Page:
I first heard of D.A. Horton from a YouTube video in which he was promoting ReachLife Ministries. – the ministry/educational arm of the powerhouse record label, Reach Records. Horton had recently taken over as the Executive Director of ReachLife and was explaining the intentions and some of the goals of the ministry, to include where he was praying God would lead it. He was very purposeful in his statements and his presentation of, not only the message of ReachLife, but the message of the gospel.
This was a brother whom I could tell knew the gospel and was able to communicate such truths to brothers and sisters on the block, as well as brothers and sisters in the church. When the opportunity to review his first book presented itself – I had to take it.
Horton has written an extremely easy to read book. At only 77 pages, someone should be able to make it from cover to cover in less than two or three sittings. However, to take the brevity of the book as a weakness would be a discrediting to the author – I think Horton did a great job with his first effort as a published author.
As with any book, there are some aspects I liked better than others. And although they are few and far between, there are some specifics that I didn’t like at all. However, at the end of the day, I don’t think anyone would be upset investing time in reading this book.
When reading this book, you can’t help but wonder who the book was written for – someone wanting to communicate the gospel to urban dwellers or urban dwellers who want to know more about the gospel.
It’s actually both.
The book is written in such a way that if the reader can already explain the gospel in a clear and concise manner, this book provides the tools needed to be able explain it to someone in an urban context. The slang and terminology that Horton uses in this book is used in such a way that someone unfamiliar with the meanings might be able to understand the words if they heard them in person. On the reverse, the book is written in such a way that if someone from the urban context had questions about the gospel, aside from someone walking along side them one on one, this would be a good resource for them to read. Again, the slang and terminology Horton uses to explain complex theological truths is right on par with how brothers and sisters in the urban context speak.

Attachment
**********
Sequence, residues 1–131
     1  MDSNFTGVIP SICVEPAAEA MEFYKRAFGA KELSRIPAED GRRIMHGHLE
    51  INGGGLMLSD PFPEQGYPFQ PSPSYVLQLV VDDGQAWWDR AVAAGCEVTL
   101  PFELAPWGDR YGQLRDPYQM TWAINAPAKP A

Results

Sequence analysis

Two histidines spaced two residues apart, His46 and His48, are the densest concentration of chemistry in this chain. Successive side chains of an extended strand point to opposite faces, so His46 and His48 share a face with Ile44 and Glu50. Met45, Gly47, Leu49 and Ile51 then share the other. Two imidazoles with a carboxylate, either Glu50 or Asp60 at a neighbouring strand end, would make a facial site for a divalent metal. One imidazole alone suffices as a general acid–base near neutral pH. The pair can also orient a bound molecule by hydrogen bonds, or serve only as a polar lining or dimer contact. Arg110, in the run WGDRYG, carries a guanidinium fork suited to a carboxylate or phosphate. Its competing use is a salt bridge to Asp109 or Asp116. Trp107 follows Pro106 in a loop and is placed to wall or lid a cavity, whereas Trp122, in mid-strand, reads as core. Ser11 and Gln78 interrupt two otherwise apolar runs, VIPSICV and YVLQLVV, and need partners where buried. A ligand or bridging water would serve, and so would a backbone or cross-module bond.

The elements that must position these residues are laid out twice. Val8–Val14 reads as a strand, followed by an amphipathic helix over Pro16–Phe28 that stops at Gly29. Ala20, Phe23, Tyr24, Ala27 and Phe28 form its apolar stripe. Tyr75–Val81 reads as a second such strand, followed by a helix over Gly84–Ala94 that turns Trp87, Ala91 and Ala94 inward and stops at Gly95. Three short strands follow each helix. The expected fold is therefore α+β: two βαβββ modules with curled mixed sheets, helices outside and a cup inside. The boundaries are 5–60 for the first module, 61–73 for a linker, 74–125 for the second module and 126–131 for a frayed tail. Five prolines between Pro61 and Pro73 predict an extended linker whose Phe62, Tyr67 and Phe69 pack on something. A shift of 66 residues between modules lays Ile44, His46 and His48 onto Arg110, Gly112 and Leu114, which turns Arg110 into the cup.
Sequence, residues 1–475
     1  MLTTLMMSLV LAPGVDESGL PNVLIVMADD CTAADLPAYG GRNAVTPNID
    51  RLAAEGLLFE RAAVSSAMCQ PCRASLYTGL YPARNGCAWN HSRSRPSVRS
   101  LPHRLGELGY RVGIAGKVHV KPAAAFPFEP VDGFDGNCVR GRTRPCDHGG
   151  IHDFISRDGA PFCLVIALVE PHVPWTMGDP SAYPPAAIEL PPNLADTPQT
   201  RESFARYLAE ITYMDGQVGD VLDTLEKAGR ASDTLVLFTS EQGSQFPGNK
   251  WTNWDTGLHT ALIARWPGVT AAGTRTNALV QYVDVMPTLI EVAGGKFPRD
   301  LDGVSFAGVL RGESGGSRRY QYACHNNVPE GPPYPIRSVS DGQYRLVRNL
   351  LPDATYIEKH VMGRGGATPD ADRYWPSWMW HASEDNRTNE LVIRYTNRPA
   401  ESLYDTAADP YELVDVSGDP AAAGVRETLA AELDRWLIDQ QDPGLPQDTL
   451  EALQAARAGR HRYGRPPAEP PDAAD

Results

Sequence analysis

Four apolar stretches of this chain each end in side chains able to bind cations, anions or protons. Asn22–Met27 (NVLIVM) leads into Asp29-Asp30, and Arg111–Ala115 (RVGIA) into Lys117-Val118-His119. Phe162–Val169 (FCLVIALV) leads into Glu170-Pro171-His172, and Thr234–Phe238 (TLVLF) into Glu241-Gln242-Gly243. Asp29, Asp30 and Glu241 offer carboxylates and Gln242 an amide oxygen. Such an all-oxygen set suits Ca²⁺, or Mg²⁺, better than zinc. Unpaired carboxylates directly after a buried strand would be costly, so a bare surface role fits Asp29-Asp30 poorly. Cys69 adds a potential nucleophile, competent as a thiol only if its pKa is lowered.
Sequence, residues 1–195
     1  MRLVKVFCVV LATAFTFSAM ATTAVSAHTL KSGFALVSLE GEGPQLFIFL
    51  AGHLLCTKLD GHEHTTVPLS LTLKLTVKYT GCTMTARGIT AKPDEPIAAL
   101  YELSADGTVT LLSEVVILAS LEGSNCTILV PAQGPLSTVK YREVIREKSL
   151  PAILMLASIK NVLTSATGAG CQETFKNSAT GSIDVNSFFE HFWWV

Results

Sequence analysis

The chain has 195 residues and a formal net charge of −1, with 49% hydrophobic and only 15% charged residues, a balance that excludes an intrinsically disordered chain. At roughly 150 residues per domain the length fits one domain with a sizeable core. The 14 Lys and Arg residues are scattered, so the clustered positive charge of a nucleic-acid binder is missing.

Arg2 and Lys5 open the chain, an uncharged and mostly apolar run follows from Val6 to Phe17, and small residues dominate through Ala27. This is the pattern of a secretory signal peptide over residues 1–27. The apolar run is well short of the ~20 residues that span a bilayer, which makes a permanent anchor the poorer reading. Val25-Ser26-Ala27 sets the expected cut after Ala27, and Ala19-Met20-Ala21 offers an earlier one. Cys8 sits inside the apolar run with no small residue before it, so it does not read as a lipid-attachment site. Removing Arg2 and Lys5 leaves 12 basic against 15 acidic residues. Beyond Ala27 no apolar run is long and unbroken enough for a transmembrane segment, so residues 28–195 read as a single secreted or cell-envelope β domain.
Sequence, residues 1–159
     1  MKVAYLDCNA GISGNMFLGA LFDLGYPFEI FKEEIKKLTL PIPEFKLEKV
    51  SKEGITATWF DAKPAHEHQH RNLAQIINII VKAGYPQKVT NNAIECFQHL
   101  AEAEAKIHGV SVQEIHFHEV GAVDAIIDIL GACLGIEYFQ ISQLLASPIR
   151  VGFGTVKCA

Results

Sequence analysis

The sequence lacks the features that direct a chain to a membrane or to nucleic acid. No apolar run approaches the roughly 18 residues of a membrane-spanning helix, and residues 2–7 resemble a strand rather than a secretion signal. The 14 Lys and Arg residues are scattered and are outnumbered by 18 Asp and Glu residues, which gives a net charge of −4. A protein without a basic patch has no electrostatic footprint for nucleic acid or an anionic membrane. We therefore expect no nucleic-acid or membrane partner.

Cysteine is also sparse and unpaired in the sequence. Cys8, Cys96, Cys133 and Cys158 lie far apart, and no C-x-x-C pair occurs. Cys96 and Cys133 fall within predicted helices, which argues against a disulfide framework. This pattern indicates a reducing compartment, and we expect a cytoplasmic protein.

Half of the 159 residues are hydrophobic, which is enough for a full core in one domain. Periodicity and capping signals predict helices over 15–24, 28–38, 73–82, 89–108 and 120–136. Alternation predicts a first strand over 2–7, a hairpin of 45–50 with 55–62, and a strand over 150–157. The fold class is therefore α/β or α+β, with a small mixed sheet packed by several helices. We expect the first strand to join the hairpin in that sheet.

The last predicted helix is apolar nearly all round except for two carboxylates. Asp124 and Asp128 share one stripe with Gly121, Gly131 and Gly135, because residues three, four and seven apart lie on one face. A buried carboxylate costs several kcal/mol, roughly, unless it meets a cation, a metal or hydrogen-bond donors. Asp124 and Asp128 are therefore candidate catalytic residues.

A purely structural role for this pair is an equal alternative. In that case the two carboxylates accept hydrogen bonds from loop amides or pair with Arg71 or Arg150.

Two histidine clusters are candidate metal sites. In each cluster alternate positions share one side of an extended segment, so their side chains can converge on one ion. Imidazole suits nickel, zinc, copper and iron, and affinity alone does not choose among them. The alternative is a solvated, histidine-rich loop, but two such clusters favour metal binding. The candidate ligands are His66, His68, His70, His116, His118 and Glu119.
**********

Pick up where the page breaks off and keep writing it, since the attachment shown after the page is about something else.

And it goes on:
Which leads to one of the few issues I have with the book. Horton defines the slang and terminology he uses in the book as “Thebonics” and he defines it as “the presentation of theological truths in the language known as ebonics, the rich slang that is part of our urban neighborhoods, especially African-Americans, to describe people and situations in the hood.” Basically, it’s a term he created to explain his use of slang to express theologically specific terms and ideas.
That kinda bothers me. I would have liked for him to have chosen a better descriptor for the terminology he uses in his book. I don’t know too many African-Americans, Hispanics, etc., whom are comfortable with the term “ebonics” – if they remember the controversy when the term was first introduced to be used in a school setting. This, I believe, is the only shortcoming of the book. (I am sure that there was no ill-intent in its use. I believe Horton only used it as a means of identification to the target audience whom would most likely read the book. He is a man who has an apparent and sincere love for all of God’s people. This instance is just something that I personally didn’t like.)
Aside from that, which is far from distracting, the book is good. I would not hesitate in recommending it to anyone, especially teens and young adults. I think it would be a great youth group study or even a personal study.
Pick it up a few copies for your youth group or just one copy for the teen in your family – it’s well worth it.
Disclosure of Material Connection: I received this book free from Moody Publishing through the Blogger Review Program. I was not required to write a positive review. I have not received payment for a positive review. The opinions I have expressed are my own.